Sharing “Family Secrets” can be powerful
Steve Head has learned how to address his life experiences in a way that's healing him and others.
We all have our own internal struggles, and often what makes them so painful is that we keep them to ourselves.
Missouri artist Steve Head held onto his for a very long time, eventually learning that if he let them out of their cage, the one that’d be set free — was him.
“When you put something out about your own experience with childhood sexual abuse or something like that, it’s pretty scary,” he tells us. Even with glasses, hat, and beard, Steve speaks more openly than those with a similar journey often can.
“You grow up feeling like, ‘What are people going to think?’ Hey, I’m doing this with you right now. It’s gonna be seen by thousands of people. What are they going to think of me?”
For more than fifty years, it’s thoughts like these that kept the artist from addressing his childhood trauma.
“It’s a hurt. It’s a wound that you don’t really know how to describe or put your finger on it,” he says to our photographer. “A lot of the secret keeping is done because of the feeling of shame. You don’t want to tell your story because you’re ashamed and sometimes that shame is not even yours, it’s a feeling that doesn’t belong to you.”
That shame is what kept Steve’s pain internal for so long, and turned him to alcohol at the age of fifteen.
While he was able to put the bottle down by age thirty, the pain from his younger years remained bottled up until his mid-fifties. That’s when a church program for adult survivors of abuse opened his eyes entirely.
“That was the revelation that happened to me. All the stuff that made me feel empty inside, I figured out that’s what it was! Once you can recognize, ‘Oh, that’s what happened. That’s why I felt that way. I can get healing from that.'”
Finally, Steve was able to confront his monsters. Shortly after, he began expressing those festered feelings through art.
Today, his work is shown in galleries around the 4-States, including his current exhibit titled Family Secrets.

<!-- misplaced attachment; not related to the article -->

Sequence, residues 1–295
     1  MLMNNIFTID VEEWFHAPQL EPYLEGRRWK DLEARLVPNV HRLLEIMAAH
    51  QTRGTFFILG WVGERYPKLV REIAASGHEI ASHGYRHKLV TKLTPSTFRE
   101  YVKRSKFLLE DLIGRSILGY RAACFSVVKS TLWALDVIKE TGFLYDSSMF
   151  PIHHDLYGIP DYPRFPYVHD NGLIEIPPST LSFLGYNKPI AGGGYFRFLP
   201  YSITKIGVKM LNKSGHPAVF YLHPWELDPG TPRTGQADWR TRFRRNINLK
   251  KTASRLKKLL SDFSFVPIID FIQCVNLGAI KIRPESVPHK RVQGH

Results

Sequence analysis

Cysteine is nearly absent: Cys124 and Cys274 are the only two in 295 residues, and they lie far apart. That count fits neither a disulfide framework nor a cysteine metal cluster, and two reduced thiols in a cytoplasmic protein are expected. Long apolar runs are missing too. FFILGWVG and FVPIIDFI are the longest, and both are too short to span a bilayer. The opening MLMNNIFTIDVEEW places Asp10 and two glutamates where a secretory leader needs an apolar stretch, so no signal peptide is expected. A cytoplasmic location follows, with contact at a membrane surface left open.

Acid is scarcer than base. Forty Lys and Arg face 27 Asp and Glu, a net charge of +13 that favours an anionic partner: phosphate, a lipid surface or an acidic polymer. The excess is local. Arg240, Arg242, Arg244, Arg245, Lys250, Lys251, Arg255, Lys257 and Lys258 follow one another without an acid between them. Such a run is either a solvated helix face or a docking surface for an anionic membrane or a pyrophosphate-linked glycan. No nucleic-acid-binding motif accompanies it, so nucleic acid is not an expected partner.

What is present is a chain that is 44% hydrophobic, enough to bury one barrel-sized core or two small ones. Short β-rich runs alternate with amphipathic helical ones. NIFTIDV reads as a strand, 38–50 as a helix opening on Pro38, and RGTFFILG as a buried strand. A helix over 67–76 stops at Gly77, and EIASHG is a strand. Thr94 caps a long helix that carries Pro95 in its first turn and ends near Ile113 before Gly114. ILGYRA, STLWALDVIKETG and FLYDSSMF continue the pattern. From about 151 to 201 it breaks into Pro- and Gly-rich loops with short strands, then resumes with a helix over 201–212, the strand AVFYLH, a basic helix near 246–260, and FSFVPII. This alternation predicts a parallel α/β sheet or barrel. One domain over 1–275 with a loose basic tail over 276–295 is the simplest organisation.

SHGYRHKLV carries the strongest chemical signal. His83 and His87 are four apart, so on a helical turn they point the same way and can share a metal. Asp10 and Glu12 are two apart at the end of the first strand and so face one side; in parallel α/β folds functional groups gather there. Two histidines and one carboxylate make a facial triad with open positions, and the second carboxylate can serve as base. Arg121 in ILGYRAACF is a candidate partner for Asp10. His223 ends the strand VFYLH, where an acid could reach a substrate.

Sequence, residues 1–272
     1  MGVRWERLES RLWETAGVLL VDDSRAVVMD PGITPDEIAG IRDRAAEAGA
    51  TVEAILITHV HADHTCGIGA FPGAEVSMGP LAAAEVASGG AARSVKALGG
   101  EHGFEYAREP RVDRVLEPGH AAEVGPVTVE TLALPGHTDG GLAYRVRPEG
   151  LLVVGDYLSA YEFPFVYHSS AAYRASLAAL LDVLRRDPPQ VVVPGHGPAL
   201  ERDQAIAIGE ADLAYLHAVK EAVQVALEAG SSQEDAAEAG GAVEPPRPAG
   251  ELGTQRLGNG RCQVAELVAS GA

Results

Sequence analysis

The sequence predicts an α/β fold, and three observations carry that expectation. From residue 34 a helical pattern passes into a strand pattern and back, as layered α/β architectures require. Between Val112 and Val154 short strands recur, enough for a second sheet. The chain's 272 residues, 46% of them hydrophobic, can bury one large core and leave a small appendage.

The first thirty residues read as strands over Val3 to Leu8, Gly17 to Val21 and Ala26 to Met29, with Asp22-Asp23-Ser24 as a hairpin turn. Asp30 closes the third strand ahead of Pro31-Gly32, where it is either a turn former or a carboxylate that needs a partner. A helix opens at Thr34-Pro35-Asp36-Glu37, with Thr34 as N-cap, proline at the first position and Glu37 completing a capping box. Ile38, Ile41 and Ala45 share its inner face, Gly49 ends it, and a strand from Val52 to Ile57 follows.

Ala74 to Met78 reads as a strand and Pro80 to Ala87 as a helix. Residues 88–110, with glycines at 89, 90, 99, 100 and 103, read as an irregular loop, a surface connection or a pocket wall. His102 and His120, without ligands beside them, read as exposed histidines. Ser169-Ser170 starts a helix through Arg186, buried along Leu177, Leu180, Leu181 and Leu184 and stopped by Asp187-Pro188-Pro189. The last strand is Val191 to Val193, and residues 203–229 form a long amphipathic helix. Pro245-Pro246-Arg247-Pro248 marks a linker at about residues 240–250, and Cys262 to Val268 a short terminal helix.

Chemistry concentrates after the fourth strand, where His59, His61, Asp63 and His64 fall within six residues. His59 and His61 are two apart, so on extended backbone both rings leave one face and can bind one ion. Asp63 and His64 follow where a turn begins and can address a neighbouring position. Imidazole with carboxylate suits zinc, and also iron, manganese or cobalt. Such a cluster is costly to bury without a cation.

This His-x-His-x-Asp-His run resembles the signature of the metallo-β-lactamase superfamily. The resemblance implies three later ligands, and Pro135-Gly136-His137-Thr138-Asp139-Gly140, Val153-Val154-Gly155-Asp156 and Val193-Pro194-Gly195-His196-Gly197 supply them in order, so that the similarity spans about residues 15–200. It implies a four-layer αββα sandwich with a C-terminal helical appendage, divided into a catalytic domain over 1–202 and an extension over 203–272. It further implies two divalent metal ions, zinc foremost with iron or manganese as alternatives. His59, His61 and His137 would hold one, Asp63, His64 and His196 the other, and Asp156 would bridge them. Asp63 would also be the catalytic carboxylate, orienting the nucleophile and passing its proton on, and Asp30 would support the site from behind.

“Sometimes you feel like, in your pain, in your hurts, in your woundedness, that nobody understands. Nobody really knows what I went through or would ever, ever understand what I went through.”
As he articulates the loneliness he felt for so long, his work surrounds him. It’s as though the walls of Spiva’s regional gallery are hugging him in the way he never felt growing up.
“With this exhibit, I think people realize you’re not alone. Other people do understand. Other people know what it’s like. Other people understand exactly what you felt when you visited your Uncle Oscar.”
Before we leave, Steve shows us a box full of pieces of paper. After walking through the gallery, people can write Steve a note.
He tells us he’s received hundreds of them — mostly written anonymously — with people opening up to him in a way he never imagined.
Thank you. I am a survivor of childhood abuse. Emotional, physical, verbal, alcoholic single parent. Now I struggle with that addiction and mental illness. I work hard but I can’t ever undo it completely. Thank you for this. Thank you so much.
Looking at us, Steve can’t help but smile.
“…and that’s what this is all about.”
One of the many reminders to Steve that, he too, is not alone.